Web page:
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Re: Double spliced on a short rope?

Posted: Sat Sep 07, 2019 9:48 am
by Herman
Brummels are not really there to lock the tail they are more like insurance. If the brummel has been loaded it will be upset which means the tail has slipped, that is, the splice has failed and you have been riding on your insurance! In practice with all my splicing I have never come across a brummel that imho had been loaded.

Tails are most vunerable to slippage when load is applied gradually and the outer has not fully bitten on the tail. To cater for this stitch the tail in place. You can also use a throat whipping but that method is not commonly used in kitesurfing.

You can also put an overhand knot in the tail to stop low load slippage but I have never seen this recommended in a splicing manual, presumably because of the loss of strength that results from knots.

For experience it is worth playing with short tails and making them slip under light load then tighten them up and retest with high load, repeat with snatched load etc and you will start to appreciate how it works. There is a certain amount of artistry as well as the basic science! Load a brummell with loosened tail and see how it looks.

It could be argued that brummels are almost pointless compared to stitching but it is a bit like arguing that some insurances are almost pointless! Personally I often use brummels in Line thicker than 2mm but rarely use them in thinner line. I hand stitch tails, and only occasionally use knotted tails and throat whippings. Marlows testing indicates that brummels do cause a slight loss in strength with test samples breaking at the lock. That is why I do not use brummels in flying line. (Plus it is easy to get a tight full length bury with flying lines.)

I liked meri's tip, a good idea for strong short connections.

Re: Double spliced on a short rope?

Posted: Tue Nov 10, 2020 2:32 pm
by Oldman
Herman, May I know what sort of hand stitching and type of thread you use?

Re: Double spliced on a short rope?

Posted: Tue Nov 10, 2020 4:52 pm
by Herman
Threads I use:

Polyester V69 for light stuff. ~ upto 3mm line.
Polyester V92 for heavier stuff
Marlow's whipping twine for heavy gear. Comes in various grades waxed or not.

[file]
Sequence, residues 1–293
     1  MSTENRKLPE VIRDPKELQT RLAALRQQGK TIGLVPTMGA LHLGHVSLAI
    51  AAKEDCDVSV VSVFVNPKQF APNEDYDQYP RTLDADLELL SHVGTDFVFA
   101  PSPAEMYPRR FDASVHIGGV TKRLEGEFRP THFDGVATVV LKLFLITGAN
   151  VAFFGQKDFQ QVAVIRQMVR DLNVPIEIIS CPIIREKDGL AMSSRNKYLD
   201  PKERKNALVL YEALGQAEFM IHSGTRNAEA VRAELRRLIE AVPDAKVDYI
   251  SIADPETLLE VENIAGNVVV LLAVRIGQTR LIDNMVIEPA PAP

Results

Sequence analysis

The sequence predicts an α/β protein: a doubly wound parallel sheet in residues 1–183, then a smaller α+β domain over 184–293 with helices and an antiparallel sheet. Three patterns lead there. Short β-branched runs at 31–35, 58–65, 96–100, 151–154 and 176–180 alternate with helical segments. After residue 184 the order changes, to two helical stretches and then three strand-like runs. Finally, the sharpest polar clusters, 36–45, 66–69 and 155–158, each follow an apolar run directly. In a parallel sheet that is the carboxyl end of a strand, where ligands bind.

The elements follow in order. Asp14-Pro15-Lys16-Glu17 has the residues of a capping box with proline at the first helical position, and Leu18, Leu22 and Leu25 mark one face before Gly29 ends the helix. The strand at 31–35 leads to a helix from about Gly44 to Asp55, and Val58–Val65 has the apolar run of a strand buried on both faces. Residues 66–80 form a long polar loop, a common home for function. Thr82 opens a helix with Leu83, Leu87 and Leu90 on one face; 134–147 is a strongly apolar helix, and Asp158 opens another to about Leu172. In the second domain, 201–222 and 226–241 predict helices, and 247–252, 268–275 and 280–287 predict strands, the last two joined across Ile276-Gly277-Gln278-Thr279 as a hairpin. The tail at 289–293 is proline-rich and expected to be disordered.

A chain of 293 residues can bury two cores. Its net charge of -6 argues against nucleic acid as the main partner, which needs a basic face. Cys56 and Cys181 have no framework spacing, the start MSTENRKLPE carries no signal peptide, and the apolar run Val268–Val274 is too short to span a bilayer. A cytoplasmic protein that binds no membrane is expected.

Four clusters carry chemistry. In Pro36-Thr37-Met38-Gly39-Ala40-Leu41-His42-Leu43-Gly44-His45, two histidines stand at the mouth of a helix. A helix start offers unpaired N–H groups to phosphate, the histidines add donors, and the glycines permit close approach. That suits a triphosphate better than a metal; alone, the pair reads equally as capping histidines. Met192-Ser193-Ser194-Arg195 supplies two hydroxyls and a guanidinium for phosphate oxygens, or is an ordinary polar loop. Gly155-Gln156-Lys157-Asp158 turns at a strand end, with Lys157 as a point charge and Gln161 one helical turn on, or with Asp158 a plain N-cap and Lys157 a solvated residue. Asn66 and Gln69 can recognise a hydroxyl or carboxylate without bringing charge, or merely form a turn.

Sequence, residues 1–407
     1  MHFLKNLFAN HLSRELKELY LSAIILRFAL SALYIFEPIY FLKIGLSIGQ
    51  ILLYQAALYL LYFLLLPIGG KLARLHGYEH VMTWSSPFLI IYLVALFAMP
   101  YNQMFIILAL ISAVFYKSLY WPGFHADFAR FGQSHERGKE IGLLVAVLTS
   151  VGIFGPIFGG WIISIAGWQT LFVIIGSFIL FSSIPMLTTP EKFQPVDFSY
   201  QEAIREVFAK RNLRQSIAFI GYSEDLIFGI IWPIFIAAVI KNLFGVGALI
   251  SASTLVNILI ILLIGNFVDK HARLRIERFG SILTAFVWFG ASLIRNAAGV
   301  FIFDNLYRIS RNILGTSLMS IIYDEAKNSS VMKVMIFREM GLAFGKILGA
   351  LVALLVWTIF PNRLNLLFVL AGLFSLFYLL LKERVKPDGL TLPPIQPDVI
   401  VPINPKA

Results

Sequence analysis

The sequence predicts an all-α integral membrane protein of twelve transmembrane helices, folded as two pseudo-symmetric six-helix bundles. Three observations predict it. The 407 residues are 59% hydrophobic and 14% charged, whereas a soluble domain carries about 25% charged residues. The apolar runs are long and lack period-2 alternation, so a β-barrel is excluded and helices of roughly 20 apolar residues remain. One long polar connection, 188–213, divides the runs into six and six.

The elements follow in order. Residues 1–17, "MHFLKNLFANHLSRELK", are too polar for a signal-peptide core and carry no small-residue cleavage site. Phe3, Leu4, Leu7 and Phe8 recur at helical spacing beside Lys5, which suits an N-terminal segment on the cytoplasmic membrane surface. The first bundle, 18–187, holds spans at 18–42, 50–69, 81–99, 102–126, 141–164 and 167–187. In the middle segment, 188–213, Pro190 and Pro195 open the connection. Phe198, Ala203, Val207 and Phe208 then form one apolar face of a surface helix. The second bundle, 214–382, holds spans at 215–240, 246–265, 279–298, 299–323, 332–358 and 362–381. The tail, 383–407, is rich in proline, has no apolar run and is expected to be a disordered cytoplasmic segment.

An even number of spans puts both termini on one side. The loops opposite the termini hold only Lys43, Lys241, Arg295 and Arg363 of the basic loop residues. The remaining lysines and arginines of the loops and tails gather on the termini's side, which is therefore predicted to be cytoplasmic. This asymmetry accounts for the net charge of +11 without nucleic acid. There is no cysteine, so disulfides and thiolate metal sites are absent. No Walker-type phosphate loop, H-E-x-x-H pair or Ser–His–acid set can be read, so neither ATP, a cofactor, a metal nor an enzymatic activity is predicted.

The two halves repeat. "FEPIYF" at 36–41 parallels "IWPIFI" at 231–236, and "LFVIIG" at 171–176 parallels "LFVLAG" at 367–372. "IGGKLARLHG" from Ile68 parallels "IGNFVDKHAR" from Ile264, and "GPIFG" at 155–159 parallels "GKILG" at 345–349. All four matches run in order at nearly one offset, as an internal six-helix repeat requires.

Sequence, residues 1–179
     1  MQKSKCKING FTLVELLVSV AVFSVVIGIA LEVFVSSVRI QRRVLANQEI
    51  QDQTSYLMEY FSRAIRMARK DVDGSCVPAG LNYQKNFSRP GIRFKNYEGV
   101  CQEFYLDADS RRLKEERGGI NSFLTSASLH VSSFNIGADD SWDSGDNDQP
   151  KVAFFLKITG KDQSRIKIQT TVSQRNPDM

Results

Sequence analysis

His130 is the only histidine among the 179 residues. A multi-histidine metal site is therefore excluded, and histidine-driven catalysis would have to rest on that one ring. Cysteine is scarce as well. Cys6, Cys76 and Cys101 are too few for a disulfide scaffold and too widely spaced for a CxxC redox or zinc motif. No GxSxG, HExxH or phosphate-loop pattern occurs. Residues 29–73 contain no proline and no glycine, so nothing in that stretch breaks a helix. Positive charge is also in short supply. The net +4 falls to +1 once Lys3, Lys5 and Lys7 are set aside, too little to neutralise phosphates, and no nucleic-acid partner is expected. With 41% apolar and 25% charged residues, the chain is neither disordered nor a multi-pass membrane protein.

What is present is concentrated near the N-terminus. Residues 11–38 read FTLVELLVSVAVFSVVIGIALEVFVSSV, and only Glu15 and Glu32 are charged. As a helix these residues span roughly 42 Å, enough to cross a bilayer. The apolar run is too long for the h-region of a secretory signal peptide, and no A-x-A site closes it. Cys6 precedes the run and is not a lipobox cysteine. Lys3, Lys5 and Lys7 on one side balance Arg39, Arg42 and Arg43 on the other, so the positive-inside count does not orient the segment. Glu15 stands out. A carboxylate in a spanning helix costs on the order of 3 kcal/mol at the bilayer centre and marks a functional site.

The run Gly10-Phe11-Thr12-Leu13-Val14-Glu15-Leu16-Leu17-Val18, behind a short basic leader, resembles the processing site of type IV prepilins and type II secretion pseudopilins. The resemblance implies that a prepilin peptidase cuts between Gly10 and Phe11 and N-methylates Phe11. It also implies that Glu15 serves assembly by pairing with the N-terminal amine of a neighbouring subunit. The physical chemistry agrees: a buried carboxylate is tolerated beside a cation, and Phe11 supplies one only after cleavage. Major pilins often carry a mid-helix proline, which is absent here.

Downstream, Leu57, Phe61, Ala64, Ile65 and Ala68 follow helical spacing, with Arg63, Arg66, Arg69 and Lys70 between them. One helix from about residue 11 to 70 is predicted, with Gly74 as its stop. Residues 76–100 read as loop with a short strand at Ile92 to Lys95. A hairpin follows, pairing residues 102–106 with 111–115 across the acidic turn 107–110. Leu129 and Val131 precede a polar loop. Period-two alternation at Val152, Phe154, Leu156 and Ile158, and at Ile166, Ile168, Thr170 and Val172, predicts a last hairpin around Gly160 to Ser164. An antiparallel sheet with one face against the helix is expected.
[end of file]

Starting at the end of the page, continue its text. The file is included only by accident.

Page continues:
For splices sown by hand I use a basic running stitch. I don't pull them very tight. If I have time I use 2 needles to make the running stitch. If I am doing a repair that requires flex I use a zig zag again done with 2 needles.
If a repair needs flex I use zig zag.

If you want a strong thread you could consider breaking down some dyneema line to use the individual filaments.

I am not claiming the above to be optimal but it has worked for me for many years.

PS Get a sailmakers thread that is UV resistant.

Re: Double spliced on a short rope?

Posted: Tue Nov 10, 2020 9:10 pm
by BartSt

Re: Double spliced on a short rope?

Posted: Wed Nov 11, 2020 7:22 am
by OzBungy
I do all my pigtails as Brummell splices with the tails side by side as shown in the example. It’s possibly the only time that Brummell splices are useful.

I make them in sets so they have to be consistently measured and the same across the pigtails, which is easy, but they don’t have to be an accurate specific length, which is almost impossible with Brummell. For specific lengths, or load bearing loops, I adjust and sew, usually with a measuring jig (length of wood with nails in it)

Pigtail splices don’t need to be super strong because both ends are trapped inside lark’s head knots. As long as they’re reasonably secure they’re fine.

Re: Double spliced on a short rope?

Posted: Thu Nov 12, 2020 2:36 am
by Oldman
found this on the samson ropes site. Will this hold on a short pigtail?

Re: Double spliced on a short rope?

Posted: Thu Nov 12, 2020 9:51 am
by Herman
^^ Presumably Samson does! If you tell me the coefficient of friction between the inner and outer, the coefficient of friction twine on line and twine on twine plus it’s breaking load........

In practice I don’t like using knots as they create a catch and wear point. Considering the diag in step 5 a rough outline of what I do for single needle method for a 3mm pigtail is:

10 ins of thread. Insert needle a B out at 1 leaving 25mm tail. 2 locking loops at 1. Running stitch to A ,~5 stitches. Then back up to 1 @ 90 deg. Then back down to B. 2 locking loops and bury the end to full needle length. Finally I bury the 25mm tail with the needle. I don’t pull the stitching any more than snug.

PS Have a look at the Marlows website!